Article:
MONZA, Italy (Reuters) - Fiat Chrysler (FCA) has not received any offer for the company nor is the world’s seventh-largest carmaker working on any “big deal”, Chief Executive Sergio Marchionne said on Saturday.
Speaking on the sidelines of the Italian Formula One Grand Prix, Marchionne said the focus remained on executing the company’s business plan to 2018.
Asked whether FCA had been approached by someone or whether there was an offer on the table, he simply said: “No.”
The company’s share price jumped to record highs last month after reports of interest for the group or some of its brands from China.
China’s Great Wall Motor Co Ltd openly said it was interested in FCA, but had not held talks or signed a deal with executives at the Italian-American automaker.
The stock move was also helped by expectations that the company might separate from some of its units.
Marchionne reiterated on Saturday that FCA was working on a plan to “purify” its portfolio and that units, such as the components businesses, would be separated from the group. He hopes to complete that process by the end of 2018.
“There are activities within the group that do not belong to a car manufacturer, for example the components businesses. The group needs to be cleared of those things,” he told journalists.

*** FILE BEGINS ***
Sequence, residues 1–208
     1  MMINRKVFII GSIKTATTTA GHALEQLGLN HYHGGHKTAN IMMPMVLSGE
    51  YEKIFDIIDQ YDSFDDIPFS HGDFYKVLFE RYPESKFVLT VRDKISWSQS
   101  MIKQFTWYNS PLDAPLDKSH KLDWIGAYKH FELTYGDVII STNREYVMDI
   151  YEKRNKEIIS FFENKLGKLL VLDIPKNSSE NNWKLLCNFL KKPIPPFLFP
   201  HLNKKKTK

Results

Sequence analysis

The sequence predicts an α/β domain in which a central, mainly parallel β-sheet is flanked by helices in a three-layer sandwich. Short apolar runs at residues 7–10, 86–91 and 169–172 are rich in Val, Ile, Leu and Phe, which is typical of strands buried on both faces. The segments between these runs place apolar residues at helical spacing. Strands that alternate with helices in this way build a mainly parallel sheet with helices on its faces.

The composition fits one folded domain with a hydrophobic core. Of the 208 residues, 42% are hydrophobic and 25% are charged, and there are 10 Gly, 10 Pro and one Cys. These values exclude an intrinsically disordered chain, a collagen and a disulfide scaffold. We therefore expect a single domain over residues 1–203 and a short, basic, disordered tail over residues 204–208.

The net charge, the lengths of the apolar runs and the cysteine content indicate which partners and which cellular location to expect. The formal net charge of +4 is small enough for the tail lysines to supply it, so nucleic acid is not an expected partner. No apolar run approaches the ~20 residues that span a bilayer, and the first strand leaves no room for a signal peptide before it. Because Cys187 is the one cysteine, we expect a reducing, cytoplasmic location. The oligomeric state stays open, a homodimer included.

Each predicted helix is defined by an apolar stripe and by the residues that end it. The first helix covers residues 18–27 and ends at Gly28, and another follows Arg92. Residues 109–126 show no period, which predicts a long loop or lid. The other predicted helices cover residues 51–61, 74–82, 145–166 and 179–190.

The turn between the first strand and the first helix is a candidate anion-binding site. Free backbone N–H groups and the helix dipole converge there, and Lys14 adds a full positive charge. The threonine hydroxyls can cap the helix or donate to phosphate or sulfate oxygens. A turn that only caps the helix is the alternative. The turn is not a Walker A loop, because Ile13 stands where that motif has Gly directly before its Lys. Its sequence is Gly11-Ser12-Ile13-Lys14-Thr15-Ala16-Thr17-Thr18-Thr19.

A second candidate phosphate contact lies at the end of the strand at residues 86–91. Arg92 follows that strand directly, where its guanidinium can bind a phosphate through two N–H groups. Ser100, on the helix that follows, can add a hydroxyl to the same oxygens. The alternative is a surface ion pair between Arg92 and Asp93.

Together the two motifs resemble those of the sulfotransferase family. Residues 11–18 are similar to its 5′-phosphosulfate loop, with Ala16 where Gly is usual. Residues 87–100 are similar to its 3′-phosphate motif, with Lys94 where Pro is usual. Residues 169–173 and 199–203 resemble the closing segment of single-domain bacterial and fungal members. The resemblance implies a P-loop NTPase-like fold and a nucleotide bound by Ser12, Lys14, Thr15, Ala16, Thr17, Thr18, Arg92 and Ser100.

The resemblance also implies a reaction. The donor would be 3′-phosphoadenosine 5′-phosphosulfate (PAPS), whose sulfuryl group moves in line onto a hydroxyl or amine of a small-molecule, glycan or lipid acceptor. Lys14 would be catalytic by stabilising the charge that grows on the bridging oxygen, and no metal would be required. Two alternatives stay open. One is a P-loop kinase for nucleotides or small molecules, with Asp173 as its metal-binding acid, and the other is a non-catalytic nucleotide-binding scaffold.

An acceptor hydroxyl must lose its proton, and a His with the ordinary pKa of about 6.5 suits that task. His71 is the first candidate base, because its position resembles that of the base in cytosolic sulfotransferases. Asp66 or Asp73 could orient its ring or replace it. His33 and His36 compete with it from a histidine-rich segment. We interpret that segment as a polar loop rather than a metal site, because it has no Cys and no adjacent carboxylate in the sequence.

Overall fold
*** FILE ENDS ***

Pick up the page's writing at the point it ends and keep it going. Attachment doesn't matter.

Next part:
Asked whether an announcement could come this year, Marchionne said it was up to the board to decide and that it would next meet at the end of September.
He said the time was not right for a spin-off of luxury brand Maserati and premium Alfa Romeo and the two brands needed to become self-sustainable entities first and “have the muscle to stand on their feet, make sufficient cash”.
“The way we see it now, it’s almost impossible, if not impossible, to see a spin-off of Alfa Romeo/Maserati, these are two entities that are immature and in a development phase,” he said.
“It’s the wrong moment, we are not in a condition to do it.”
He said the concept of separating the two brands from FCA’s mass market business made sense and did not rule out this happening in future, but not under his tenure, which lasts until April 2019.
“If there is an opportunity in future, it would certainly happen after I’m gone. It won’t happen while Marchionne is around,” he said.
Reporting by Agnieszka Flak; Editing by Hugh Lawson
Our Standards: The Thomson Reuters Trust Principles.